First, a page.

Commentary: How ‘Nashville’ and ‘Jane the Virgin’ have changed the conversation about postpartum depression

Hayden Panettiere has dealt with postpartum depression in real life and in her role as Juliette Barnes on ABC's "Nashville."

When ABC announced its decision to cancel “Nashville,” the news was briefly overshadowed by a tweet from one of the show’s stars. Hayden Panettiere, who plays country starlet and new mother Juliette Barnes, posted a message stating that she was still suffering from the effects of postpartum depression and was taking time to focus on her health.

Panettiere gave birth to her daughter in 2014 and has been vocal about her continuing struggle with postpartum depression. In an appearance last year on “Live With Kelly and Michael,” she said the condition was “scary and needs to be talked about.”

It’s an issue that “Nashville” itself tackled in Seasons 3 and 4, Panettiere’s character struggles with postpartum depression, feeling disconnected from her child and relying on work, pills and alcohol to distract her, sometimes to violent effect.

The series found both praise and criticism in its exploration of postpartum depression, which manifests in about 600,000 women each year and was an arc “Nashville” hoped to explore even before Panettiere’s own diagnosis.


Some worried that the show’s soapy depiction might cause women to not recognize their own troubles in Juliette’s, as most new moms suffering from PPD don’t find themselves intoxicated and suicidal on a ledge, leading to someone else’s death. Others, though, were grateful that the illness was being discussed on television at all.

But “Nashville” isn’t the only show on TV to broach the topic in recent years.

On “Homeland,” protagonist Carrie Mathison (Claire Danes) was deeply detached from her infant, while on “Girls,” recurring character Caroline (Gaby Hoffmann) fled her family because she was afraid she would hurt herself or her baby daughter.


Television’s most fascinating exploration of postpartum depression, however, is seen on the CW’s “Jane the Virgin.”

The series, which is part telenovela, part family drama, part screwball comedy, centers on Jane, a young woman (played by kinetic newcomer Gina Rodriguez) accidentally impregnated and the chaos that ensues, including a love triangle, a long-lost father, an actual telenovela and a host of soapy subplots.

It was not Jane’s pregnancy, though, that spurred the show’s postpartum storyline. Instead, it was the second-season pregnancy of sometimes villainous supporting character Petra (Yael Grobglas).

"Jane the Virgin's" Yael Grobglas plays Petra, a new mom dealing with postpartum depression.
“Jane the Virgin’s” Yael Grobglas plays Petra, a new mom dealing with postpartum depression.
(The CW )

A typically stoic persona, Petra found herself a bit undone by pregnancy and, more important, by motherhood. She was overwhelmed by and distant from her newborns (she gave birth to twin girls) before eventually getting treatment and finding a version of motherhood that worked for her.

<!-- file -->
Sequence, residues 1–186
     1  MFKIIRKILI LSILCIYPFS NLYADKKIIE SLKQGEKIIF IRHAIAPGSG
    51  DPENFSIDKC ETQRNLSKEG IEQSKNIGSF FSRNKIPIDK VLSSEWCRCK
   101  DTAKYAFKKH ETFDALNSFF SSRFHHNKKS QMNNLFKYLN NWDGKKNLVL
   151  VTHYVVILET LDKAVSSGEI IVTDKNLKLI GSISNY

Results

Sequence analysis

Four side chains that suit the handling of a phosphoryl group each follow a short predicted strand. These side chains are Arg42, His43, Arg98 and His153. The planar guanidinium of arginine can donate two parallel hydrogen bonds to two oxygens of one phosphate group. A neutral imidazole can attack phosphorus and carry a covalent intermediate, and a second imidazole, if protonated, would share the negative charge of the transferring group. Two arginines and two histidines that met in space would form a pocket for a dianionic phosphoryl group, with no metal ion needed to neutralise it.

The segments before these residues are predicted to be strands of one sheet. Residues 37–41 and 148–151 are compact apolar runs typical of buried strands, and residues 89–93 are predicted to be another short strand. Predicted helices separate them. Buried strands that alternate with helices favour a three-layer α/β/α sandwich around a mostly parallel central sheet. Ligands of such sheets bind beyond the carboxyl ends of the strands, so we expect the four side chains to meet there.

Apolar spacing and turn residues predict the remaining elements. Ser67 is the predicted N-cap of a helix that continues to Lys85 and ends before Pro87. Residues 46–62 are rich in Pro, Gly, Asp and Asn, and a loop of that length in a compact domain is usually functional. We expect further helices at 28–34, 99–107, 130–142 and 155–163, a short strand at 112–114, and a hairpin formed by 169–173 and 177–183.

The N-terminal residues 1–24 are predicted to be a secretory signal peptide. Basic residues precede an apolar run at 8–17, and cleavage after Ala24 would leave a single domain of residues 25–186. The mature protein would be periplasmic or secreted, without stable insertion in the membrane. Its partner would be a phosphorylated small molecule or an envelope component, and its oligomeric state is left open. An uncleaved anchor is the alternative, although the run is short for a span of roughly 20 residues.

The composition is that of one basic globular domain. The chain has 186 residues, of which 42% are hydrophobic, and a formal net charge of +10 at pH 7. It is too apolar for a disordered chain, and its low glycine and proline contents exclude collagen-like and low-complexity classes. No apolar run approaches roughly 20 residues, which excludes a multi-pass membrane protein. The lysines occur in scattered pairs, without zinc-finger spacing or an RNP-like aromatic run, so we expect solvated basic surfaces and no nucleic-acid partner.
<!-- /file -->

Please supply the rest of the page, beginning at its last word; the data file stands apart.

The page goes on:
The most significant difference in the approaches taken by “Nashville” and “Jane the Virgin” comes in a quiet scene in which Petra is first confronted with the idea that she may be depressed. Surrounded by other new mothers, Petra lets her guard down and admits that sometimes she wonders if her daughters would be better off raised by someone else.

It’s a far cry from the pill-popping, postpartum extremes evidenced on ABC’s soap.

By taking on postpartum depression, “Jane the Virgin” joins a growing trend of television shows tackling issues of mental illness. And some of the most effective of these shows are comedies. Along with “Jane,” FX’s “You’re the Worst,” with its clinical depression themes, and CBS’ “Mom,” with its addiction storylines, prove that comedies can be places for audiences to find nuanced portrayals of the less-peasant facets of modern life.


Comedy, after all, not only allows for visitation of the dark realities that life entails, it also allows room for the humor that often accompanies even the most dire of situations.

Even as a series with extreme soap-opera elements, existing in the comedic realm allows “Jane the Virgin” more leeway to deal in quiet and understated moments than its more dramatic counterparts. It’s this balance that makes television comedies well-suited for examining the complexities of mental illness.

As “Nashville” ends, it leaves behind a mixed legacy as a series, but it should be remembered as a forerunner in its willingness to address an issue that affects so many women annually. For all the show may have gotten right or wrong in its depiction of postpartum depression, what matters is that it, and more shows like it, are willing to have the conversation at all.


Coupled with Panettiere’s alacrity with regards to her own struggles, “Nashville” reminded viewers that they are not alone with their postpartum depression. Luckily for audiences, “Jane the Virgin” remains on the air to do the same.


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